Way back before Facebook and Twitter, before Google, before you had an email address or had even used the word "email", the internet was little more than the collective dream of a few Californian techno-hippies. Back then, through the 1980s and early 1990s, people such as Steve Jobs and Kevin Kelley (the bearded, counterculture founder of Wired magazine) dreamed of a network of connected computers that would deliver ubiquitous, open and free access to information to everyone on Earth. In so doing, it would bring all human knowledge to the fingertips of billions; it would usher in a new golden age of learning and creativity; it would change the world.
Now, amid the deluge of Fail videos, LOL cats and status updates, it can be hard to remember those early, high ideals. But every so often a batch of start-ups comes along that helps. So it is this month, with the emergence of an online phenomenon that is set to transform education – and with it millions of lives: massive open online courses (MOOCs).
That emergence comes via news that the MOOC provider Coursera (www.coursera.com) will partner with a dozen top-rank US colleges - including Princeton, Caltech, and Stanford - to offer more than 100 courses starting this autumn. Subjects will range from maths and computer science to Greek mythology and American poetry.
The announcement catapulted Coursera – founded in 2011 by the Stanford computer scientists Daphne Koller and Andrew Ng – into the lead in the race to conquer online education, which also includes the Harvard and MIT co-project edX (www.edx.org), and "21st-century university" Udacity (www.udacity.com), both also founded last year.
MOOCs are simply interactive courses of learning delivered via the web, which anyone can join for free. In itself, that doesn't sound revolutionary; indeed, MOOCs have been around for a few years. What's changing the game now is vastly improved delivery (Coursera courses include online video, auto-graded exercises that provide tailored feedback and final exams) and, crucially, the involvement of Ivy League institutions. And that's adding up to staggering numbers: Ng recently taught an MOOC to 100,000 students. To reach that number of students before, he has says, Ng would have had to have taught his Stanford class for 250 years.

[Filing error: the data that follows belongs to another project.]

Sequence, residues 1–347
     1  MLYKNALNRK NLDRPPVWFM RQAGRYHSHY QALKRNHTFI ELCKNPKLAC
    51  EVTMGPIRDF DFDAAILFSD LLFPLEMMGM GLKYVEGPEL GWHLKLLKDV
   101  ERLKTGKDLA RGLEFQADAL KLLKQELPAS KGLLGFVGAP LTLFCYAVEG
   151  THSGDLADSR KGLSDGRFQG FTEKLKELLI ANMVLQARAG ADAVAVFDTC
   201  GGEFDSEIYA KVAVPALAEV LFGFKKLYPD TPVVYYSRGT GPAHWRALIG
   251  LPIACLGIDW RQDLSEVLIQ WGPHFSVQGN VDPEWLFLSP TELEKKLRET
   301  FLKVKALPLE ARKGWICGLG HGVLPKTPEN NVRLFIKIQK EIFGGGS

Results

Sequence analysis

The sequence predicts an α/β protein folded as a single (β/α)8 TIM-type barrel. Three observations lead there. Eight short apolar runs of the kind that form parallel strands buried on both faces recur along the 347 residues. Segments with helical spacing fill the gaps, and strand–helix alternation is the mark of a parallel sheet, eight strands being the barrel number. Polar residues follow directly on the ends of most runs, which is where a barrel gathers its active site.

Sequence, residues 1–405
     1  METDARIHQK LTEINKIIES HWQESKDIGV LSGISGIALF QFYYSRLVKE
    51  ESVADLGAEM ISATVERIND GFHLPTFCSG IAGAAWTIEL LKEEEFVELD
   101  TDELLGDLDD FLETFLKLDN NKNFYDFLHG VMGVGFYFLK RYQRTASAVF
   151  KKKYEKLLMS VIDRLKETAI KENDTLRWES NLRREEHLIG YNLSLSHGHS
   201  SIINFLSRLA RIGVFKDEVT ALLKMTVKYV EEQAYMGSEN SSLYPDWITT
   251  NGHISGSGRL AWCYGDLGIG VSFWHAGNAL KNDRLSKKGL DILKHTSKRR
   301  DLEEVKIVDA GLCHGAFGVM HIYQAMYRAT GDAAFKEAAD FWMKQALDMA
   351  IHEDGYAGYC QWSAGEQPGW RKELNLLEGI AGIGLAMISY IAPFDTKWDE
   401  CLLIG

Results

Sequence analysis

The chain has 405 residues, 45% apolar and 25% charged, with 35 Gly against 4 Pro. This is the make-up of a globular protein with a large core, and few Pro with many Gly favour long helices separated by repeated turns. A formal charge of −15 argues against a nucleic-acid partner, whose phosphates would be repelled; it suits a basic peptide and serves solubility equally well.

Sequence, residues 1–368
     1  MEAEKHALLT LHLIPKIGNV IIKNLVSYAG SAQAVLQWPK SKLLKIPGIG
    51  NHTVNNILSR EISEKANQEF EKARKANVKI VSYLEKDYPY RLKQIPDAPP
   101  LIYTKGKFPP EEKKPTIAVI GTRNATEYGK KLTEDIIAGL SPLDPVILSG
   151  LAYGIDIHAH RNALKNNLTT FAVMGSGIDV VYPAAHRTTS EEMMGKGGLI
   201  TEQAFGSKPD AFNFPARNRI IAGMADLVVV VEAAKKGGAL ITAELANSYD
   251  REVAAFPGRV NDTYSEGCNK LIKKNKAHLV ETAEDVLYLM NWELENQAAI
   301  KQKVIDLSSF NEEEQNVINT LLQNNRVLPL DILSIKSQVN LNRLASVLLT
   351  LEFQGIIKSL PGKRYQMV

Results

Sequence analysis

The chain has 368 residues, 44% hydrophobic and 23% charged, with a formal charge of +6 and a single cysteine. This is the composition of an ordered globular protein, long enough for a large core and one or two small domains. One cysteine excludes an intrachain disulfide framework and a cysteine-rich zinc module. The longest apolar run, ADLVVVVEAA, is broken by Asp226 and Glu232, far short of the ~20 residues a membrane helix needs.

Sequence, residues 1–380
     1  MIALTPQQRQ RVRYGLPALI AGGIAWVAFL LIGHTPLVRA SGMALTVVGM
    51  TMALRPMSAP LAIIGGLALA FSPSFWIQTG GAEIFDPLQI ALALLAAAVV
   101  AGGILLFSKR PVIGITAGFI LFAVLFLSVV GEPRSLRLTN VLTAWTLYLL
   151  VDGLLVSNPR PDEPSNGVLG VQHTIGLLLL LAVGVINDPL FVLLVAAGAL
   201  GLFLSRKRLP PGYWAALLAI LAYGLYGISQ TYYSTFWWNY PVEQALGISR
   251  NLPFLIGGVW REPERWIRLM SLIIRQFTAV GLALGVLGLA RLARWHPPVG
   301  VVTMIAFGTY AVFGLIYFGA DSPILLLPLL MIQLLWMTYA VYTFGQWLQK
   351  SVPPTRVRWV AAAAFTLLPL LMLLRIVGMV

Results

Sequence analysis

It's apparent, then, that MOOCs are set to bring about a fundamental revolution in learning. Now, US commentators are talking of an "Ivy League Spring" while Forbes magazine asks, "Is Coursera the beginning of the end for traditional higher education?" In short, will students continue to pay Ivy League tuition fees in an MOOC world?
Koller and Ng say Coursera has no plans to offer degrees, though students can earn college credit via some courses. And it's too early to tell where MOOCs will lead the education sector. What's clear, though, is that for the first time, hundreds of millions have access to the kind of learning experiences formerly reserved for a tiny elite. And then there's the one billion people in the developing world set to come online within the next five years. They'll be joining a network in which everyone has access to Harvard maths professors and Princeton historians.
That's a pretty big slice of the dream that digital pioneers such as Jobs and Kelly imagined 30 years ago. We'll soon see if it really does make the world a better place.